Rick Porcello (R), 79 percent, Boston Red Sox vs. New York Yankees: Porcello is off to a nice start after a disappointing 2017 campaign. Of course, let's keep in mind that both of his outings this season have come against the Rays, who feature one of the least dangerous lineups in baseball. The Yankees, on the other hand, feature a lineup that could very well be the most dangerous. The Bronx Bombers ranked second in baseball last season with a .339 wOBA versus right-handed pitching, and that was without Giancarlo Stanton. I wouldn't say Porcello is a complete "stay away" here, but there's certainly a decent amount of risk.
The Brewers' bullpen remains a work in progress following Corey Knebel's hamstring injury. Since Knebel went down, Jacob Barnes, Matt Albers and J.J. Hoover have all blown saves. It's tough to know who Brewers manager Craig Counsell will look to next in the ninth inning. It's possible that Barnes or Albers get another crack at it, but Jeremy Jeffress is another name to keep in mind. His strikeout rate has dwindled in recent seasons, but he owns a 1.29 ERA in seven appearances this year and notched 27 saves back in 2016.
Projected game scores
GS is the projected game score for the pitcher. The "*" symbol means the pitcher lacks requisite career major league data to produce an accurate rating; these are the author's ratings.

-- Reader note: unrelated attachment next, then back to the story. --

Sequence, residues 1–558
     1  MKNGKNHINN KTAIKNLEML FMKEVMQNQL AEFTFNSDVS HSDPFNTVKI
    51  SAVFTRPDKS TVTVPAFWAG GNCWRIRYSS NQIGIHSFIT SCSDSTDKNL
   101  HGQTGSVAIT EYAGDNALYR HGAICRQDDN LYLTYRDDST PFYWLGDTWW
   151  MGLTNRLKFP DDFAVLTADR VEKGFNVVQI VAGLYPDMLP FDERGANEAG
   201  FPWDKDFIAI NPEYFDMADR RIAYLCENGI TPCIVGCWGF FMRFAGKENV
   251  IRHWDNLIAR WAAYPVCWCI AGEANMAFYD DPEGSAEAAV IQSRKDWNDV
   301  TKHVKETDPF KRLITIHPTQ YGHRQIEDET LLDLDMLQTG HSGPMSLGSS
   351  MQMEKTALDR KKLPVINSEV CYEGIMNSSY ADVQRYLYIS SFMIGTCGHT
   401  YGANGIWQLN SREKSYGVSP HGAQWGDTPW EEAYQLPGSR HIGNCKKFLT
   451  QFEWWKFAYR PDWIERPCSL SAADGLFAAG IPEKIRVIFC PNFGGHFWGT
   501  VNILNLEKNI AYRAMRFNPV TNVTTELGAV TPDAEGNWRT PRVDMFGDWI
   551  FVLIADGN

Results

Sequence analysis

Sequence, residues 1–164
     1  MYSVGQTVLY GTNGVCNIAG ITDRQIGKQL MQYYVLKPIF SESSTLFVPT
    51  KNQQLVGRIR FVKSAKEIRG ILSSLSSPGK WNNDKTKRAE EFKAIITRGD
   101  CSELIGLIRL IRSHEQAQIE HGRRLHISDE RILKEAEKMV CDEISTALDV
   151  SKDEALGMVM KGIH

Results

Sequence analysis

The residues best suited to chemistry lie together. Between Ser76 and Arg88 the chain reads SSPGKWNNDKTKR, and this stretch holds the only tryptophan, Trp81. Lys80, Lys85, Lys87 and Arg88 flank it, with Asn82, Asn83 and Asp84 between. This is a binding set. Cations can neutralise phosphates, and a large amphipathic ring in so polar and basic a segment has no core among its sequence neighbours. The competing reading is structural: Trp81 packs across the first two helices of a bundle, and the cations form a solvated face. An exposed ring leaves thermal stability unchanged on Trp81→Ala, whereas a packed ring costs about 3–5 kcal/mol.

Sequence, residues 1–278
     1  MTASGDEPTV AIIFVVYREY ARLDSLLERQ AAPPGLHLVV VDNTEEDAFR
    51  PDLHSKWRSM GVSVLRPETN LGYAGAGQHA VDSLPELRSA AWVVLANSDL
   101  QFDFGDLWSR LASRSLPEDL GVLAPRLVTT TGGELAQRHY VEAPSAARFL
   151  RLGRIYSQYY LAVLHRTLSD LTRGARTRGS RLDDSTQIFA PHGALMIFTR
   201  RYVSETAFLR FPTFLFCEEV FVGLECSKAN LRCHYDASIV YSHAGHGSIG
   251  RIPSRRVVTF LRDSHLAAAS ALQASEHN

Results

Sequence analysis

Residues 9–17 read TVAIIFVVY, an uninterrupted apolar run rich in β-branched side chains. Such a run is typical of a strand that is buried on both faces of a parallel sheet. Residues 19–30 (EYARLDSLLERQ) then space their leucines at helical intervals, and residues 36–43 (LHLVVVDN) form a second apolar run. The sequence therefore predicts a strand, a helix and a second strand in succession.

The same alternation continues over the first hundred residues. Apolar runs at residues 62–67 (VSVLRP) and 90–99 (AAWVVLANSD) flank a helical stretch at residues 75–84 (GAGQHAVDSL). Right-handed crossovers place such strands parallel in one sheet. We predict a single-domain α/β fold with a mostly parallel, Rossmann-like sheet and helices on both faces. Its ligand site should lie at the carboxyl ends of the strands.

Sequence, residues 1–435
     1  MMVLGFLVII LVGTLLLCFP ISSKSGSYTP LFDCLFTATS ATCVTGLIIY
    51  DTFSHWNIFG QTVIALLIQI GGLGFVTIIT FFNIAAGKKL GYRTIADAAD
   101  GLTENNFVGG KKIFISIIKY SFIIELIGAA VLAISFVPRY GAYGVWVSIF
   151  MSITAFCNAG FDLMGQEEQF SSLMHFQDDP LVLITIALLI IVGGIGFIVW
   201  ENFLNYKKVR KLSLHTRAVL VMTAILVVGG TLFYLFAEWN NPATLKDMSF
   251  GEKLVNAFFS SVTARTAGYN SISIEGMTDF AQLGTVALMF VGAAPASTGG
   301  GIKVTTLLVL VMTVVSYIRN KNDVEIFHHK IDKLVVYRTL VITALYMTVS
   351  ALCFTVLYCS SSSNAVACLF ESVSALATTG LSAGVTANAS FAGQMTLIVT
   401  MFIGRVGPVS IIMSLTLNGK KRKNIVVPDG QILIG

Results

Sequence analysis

Chris Iannetta (R), 49 percent, Colorado Rockies at Washington Nationals (LHP Gio Gonzalez): Iannetta's ownership is skyrocketing, so this is likely the last time he'll be eligible to be featured here. He figures to go out on a high note, though. He batted .300/.404/.511 against left-handed pitching in 2017, and 53 of the 58 homers Gonzalez has allowed since 2014 have come against right-handed bats. While Gonzalez owns a 1.59 ERA through two starts this season, the fact that he's given up so much hard contact (35.5 percent) could be a sign of things to come.
Brandon Belt (L), 18 percent, San Francisco Giants at San Diego Padres (RHP Bryan Mitchell): Belt draws the platoon advantage against Mitchell, who has allowed a .353 wOBA to left-handed batters in his career. Seventy-three percent of Belt's career home run have come against righties. Petco Park isn't favorable for power, but it's actually an improvement over AT&T Park.
Tyler Wade (L), 1 percent, New York Yankees at Boston Red Sox (RHP Rick Porcello): Porcello is off to a nice start this year, but if there's a way to attack him, it's with left-handed batters. He's allowed a career .340 wOBA to left-handed batters, including a .360 wOBA in 2017. Wade has done little at the plate this season, but this looks like a good spot for him to get going. He produced a .310/.382/.460 slash line at Triple-A last season.
Eduardo Escobar (B), 12 percent, Minnesota Twins vs. Chicago White Sox (RHP Lucas Giolito): Escobar has been a pleasant surprise for the Twins while filling in for the suspended Jorge Polanco, batting .375/.360/.708 in the early going. On Thursday, the switch-hitter finds himself in a nice spot against Giolito, who has allowed a .313/.476/.438 slash line to lefty batters so far this season.